Friday, May 13, 2011
In Praise of the Elder Mother
The Elderberry bush is starting to bloom. There are clusters of tiny, ivory-colored florets dotting its voluminous dark green surface.
Friday the 13th is a good day to pay a tribute to the Elder Mother, since both the day and the bush represent ancient earth powers which have been made malevolent for reasons too deep to speculate on here.
Friday is "Frigga's Day," the Teutonic goddess of love, marriage, and fertility. And 13 is not an unlucky number in the old reckoning of goddesses, since there are 13 moon cycles in one journey round the sun -- each 28 day moon cycle evoking the normal menstrual cycle, also, of course, closely linked to fertility.
The lore surrounding the Elderberry bush seems to come mostly from Europe, where peasants were careful not to arouse the ire of the rather cranky Elder Mother by clipping her branches without a really good explanation. In a well tended hedgerow, Elderberry bushes were allowed to sprawl, and were considered places of mystery -- an opening to other dimensions. If you fell asleep under an Elderberry bush on Mid-summer's night you might well see faeries and elves celebrating.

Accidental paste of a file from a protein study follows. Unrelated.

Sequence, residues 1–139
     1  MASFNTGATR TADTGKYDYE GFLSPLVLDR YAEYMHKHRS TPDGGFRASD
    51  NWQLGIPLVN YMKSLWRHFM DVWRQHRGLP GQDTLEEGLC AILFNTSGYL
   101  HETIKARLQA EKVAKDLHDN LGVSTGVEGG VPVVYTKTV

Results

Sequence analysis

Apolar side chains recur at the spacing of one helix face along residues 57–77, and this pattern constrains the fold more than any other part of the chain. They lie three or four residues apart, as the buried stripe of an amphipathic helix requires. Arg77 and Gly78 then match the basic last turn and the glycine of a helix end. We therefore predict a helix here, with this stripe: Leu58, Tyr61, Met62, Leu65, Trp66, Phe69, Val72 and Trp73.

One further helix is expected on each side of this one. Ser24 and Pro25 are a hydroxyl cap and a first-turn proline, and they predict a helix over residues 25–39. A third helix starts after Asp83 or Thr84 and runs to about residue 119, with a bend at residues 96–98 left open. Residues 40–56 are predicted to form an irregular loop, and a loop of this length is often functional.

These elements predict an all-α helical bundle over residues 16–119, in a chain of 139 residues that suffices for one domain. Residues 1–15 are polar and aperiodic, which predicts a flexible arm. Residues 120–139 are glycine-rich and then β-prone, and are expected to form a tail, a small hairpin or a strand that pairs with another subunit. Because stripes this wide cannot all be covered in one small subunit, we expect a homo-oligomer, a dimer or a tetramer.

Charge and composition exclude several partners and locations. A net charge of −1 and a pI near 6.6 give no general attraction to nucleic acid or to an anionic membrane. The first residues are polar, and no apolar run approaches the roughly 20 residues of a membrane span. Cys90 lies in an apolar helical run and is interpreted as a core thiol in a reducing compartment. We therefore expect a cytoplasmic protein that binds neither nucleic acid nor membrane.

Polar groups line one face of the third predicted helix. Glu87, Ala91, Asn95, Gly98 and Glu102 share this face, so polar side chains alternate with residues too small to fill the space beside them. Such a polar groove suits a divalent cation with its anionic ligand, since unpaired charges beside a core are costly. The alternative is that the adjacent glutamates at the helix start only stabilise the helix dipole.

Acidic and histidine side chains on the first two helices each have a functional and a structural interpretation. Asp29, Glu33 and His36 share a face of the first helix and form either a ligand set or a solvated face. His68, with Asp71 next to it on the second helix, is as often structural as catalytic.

And the most powerful and dangerous wand in the Harry Potter saga is the Elder Wand, made from a branch of the Elderberry.
Personally, I prefer a practical, modern approach and look upon the attractive shrub in our backyard as the Western Blue Elderberry, Sambucus cerulea, with beautiful flowers and dark blue berries that draw the birds. I have no intention of falling asleep under there, especially since C. is fond of that spot for his doggie ablutions.
However, I do let it grow unchecked, and I do find it very interesting that the rising sun of the summer solstice hits the fence right where the Elderberry bush opens its curved branches, forming an entrance to the mysterious green cave of light underneath.